RUSSIA was condemned in the House of Commons this week, in an emergency debate on the humanitarian disaster unfolding in Aleppo.
The Foreign Secretary, Boris Johnson, said that Russia was “in danger of becoming a pariah nation”, and supported calls for sanctions and referral to the International Criminal Court.
”If President Putin’s strategy is to restore the greatness and glory of Russia, I believe that he risks seeing his ambition turn to ashes in the face of international contempt for what is happening in Syria,” he said.
Referring to the calls for a no-bombing zone made by the Conservative MP Andrew Mitchell, the co-chair of the parliamentary Friends of Syria group, who called the debate, Mr Johnson said that he had “every sympathy” with the idea, but careful thought was required.
”We must work through all those types of options with our allies. . . We cannot commit to a no-fly zone unless we are prepared to shoot down planes or helicopters that violate that zone.”
On Thursday, he signalled to the Foreign Affairs Committee that military intervention could be pursued.
"It is right now that we should be looking again at the more kinetic options, the military options," he said. "But we must be realistic about how these in fact work, and what is deliverable."
He suggested that there had been a shift in attitudes towards intervention: "Most people, I think, are not changing their minds. They're thinking we can't let this go on forever."
On Sunday he would call a meeting of foreign ministers, to discuss how to proceed, in Iraq as well as Syria: "Most people feel the process of discussion with the Russians has basically run out of road."
In his opening speech in the Commons, Mr Mitchell argued that no-fly zones were “perfectly feasible. It is question of whether the international community has the political will to face down the Russians and the Syrian helicopters by setting one up.”
Russia was “behaving like a rogue elephant, shredding international humanitarian law and abusing its veto powers in the UN Security Council,” he continued. “The Russians are doing to the United Nations precisely what Italy and Germany did to the League of Nations in the 1930s, and they are doing to Aleppo precisely what the Nazis did to Guernica during the Spanish Civil War.”
He called for a “concerted effort by the international community”. This should include sanctions and “multilateral military action to discharge our responsibility to protect”. Was the “handwringing” after atrocities in Rwanda, Bosnia, and Srebrenica “just hot air”, he asked.
The Shadow Foreign Secretary, Emily Thornberry, said that Britain must continue to work with the Russian government to restore the peace process. “We need a ceasefire, and for people to draw back.”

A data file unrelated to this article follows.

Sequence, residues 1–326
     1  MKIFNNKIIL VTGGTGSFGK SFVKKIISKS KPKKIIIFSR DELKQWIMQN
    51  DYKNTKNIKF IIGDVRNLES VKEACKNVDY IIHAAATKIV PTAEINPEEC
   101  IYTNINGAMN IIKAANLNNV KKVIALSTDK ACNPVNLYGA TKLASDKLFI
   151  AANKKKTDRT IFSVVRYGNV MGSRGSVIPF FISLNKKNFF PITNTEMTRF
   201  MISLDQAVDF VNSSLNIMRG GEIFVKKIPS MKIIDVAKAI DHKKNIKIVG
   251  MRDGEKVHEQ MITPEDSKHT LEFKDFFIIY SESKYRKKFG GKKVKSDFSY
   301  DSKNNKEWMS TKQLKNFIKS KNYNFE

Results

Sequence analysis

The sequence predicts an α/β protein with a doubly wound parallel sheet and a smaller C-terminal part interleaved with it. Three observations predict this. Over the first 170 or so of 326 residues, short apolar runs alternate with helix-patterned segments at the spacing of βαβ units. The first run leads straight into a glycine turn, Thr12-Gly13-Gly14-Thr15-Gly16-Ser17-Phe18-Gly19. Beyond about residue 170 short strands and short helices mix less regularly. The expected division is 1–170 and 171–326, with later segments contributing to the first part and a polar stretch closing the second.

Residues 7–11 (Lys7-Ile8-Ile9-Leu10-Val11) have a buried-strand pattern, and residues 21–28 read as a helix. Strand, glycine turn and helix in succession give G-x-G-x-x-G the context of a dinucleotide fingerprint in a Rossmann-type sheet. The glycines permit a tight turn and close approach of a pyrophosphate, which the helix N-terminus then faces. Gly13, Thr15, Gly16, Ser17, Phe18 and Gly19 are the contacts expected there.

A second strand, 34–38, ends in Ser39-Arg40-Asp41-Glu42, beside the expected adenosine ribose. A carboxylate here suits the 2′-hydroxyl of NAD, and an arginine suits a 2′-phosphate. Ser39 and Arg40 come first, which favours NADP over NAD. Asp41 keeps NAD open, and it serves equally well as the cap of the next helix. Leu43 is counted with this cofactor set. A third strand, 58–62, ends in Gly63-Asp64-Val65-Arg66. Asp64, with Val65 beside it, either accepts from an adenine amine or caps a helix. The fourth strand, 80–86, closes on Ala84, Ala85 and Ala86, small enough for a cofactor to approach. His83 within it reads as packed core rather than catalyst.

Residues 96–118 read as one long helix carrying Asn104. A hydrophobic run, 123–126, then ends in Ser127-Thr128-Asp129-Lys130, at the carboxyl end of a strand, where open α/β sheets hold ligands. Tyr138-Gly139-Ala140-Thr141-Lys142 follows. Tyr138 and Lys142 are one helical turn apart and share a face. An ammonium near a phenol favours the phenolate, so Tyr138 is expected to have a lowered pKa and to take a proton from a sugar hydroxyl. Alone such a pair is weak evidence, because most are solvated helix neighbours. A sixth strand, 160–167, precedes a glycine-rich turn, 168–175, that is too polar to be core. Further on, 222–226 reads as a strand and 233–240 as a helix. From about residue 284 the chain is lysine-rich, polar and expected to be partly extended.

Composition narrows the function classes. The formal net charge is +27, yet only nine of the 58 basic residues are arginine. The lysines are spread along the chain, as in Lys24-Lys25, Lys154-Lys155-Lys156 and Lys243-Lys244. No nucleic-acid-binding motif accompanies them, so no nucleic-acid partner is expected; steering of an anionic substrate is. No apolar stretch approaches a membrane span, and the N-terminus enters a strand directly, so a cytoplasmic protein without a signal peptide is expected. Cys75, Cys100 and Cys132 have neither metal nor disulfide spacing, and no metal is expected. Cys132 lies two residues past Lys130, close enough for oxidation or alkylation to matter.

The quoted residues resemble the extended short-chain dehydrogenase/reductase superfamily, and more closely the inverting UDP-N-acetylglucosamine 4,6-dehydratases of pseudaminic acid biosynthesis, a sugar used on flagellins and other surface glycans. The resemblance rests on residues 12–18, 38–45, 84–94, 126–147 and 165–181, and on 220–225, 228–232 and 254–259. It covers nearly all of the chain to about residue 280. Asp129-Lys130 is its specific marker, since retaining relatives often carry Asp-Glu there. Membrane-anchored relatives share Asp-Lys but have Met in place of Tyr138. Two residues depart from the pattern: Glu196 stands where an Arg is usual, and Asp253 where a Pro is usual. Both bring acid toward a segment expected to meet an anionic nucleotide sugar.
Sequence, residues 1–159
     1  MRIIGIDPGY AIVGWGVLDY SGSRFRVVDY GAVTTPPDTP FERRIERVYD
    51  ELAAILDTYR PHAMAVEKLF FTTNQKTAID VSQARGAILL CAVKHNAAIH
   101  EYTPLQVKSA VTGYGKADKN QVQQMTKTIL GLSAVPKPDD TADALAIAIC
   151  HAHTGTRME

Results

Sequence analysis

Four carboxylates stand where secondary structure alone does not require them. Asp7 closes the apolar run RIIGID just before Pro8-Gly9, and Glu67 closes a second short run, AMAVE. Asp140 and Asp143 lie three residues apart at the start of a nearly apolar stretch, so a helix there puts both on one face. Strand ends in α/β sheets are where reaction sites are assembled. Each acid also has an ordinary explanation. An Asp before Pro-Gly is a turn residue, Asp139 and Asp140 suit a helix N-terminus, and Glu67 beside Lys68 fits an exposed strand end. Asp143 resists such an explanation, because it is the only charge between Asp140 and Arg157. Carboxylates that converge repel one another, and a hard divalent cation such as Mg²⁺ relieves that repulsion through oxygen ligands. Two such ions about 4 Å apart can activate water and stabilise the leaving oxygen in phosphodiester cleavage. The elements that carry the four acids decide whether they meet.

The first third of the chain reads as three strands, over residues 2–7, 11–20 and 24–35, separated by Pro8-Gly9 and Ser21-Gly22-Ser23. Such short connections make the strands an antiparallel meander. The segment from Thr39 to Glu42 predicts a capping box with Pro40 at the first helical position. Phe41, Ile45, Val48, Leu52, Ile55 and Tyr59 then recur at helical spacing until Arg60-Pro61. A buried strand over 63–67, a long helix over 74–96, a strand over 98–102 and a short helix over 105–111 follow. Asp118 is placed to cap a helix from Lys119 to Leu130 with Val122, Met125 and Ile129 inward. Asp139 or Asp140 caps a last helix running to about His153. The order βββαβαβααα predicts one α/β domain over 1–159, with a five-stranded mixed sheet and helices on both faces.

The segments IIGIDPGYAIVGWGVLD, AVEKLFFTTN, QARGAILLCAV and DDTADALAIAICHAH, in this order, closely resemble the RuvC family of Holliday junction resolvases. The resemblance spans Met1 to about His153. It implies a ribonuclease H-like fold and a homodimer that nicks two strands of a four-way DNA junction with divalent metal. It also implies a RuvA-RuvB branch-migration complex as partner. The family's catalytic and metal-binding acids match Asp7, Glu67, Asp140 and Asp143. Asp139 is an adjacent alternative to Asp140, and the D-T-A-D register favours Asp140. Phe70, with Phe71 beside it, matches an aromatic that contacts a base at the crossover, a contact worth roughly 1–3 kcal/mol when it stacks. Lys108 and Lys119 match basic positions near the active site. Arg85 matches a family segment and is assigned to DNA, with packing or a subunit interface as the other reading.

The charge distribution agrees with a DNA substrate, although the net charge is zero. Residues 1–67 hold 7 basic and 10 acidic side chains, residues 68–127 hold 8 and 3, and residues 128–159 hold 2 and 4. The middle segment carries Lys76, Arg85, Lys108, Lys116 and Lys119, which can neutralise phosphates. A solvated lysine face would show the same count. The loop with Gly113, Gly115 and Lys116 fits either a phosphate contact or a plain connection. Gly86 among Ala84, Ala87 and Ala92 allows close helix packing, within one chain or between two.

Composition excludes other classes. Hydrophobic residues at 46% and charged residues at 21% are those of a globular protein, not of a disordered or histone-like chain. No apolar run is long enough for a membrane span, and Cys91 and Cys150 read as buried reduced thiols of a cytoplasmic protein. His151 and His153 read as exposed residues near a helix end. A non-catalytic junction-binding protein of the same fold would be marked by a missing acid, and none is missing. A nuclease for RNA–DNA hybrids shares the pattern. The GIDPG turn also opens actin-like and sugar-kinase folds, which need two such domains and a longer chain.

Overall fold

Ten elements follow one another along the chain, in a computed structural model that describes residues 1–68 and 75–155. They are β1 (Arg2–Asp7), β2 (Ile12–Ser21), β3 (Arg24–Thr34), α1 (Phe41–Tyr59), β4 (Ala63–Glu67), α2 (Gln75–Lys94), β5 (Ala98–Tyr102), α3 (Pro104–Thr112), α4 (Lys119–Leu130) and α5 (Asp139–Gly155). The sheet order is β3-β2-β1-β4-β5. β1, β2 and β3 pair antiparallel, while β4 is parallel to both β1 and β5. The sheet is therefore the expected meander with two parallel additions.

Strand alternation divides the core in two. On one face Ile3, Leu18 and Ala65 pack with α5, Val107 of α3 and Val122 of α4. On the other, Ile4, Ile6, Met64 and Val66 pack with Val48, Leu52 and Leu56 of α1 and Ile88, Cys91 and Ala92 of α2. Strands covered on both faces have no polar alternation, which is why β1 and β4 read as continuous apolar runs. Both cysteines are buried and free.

She supported a plan put forward by the UN Special Envoy for Syria, Staffan de Mistura, to escort Jihadi forces out of Aleppo, thus removing the pretext for bombing the city, as a prelude to a new ceasefire.
Her fellow Labour MPs spoke in support of Mr Mitchell, including his Friends of Syria co-chair, John Woodcock, who described President Putin as a “classic bully” who must be stood up to. “The question is ultimately for the Foreign Secretary and the Government, because my party is making itself more and more of an irrelevance with every pronouncement from the Front Bench,” he said.
Ms Clwyd queried the lack of demonstrations: “Where is the rage?” She wanted to see millions outside the Russian embassy, day after day.
The Conservative MP Alistair Burt warned that the UN was being stripped of its authority. “If international mechanisms cannot prevent an Aleppo, what actually can they now prevent?”
In Rome, on Wednesday, Pope Francis repeated his appeal for peace in Syria when he addressed the crowd gathered in St Peter’s Square for the weekly general audience. “I want to emphasise and reiterate my solidarity with all victims of inhuman conflict in Syria,” he said.
”It is with a sense of urgency that I renew my appeal, begging, with all my strength, those responsible, that steps be taken toward an immediate ceasefire, one imposed and respected at least for the time necessary to allow the evacuation of civilians, especially children, who are still trapped under cruel bombardment.”
A Sky poll published on Thursday found that 46 per cent of those asked (1005 Sky customers) would support British military involvement to stop the crisis in Aleppo. More than a third (37 per cent) opposed such a move. More than half agreed that "British has a responsibility to intervene to protect people in Syria". But when asked whether they would support military intervention if it led to conflict with Russia, 51 per cent said No.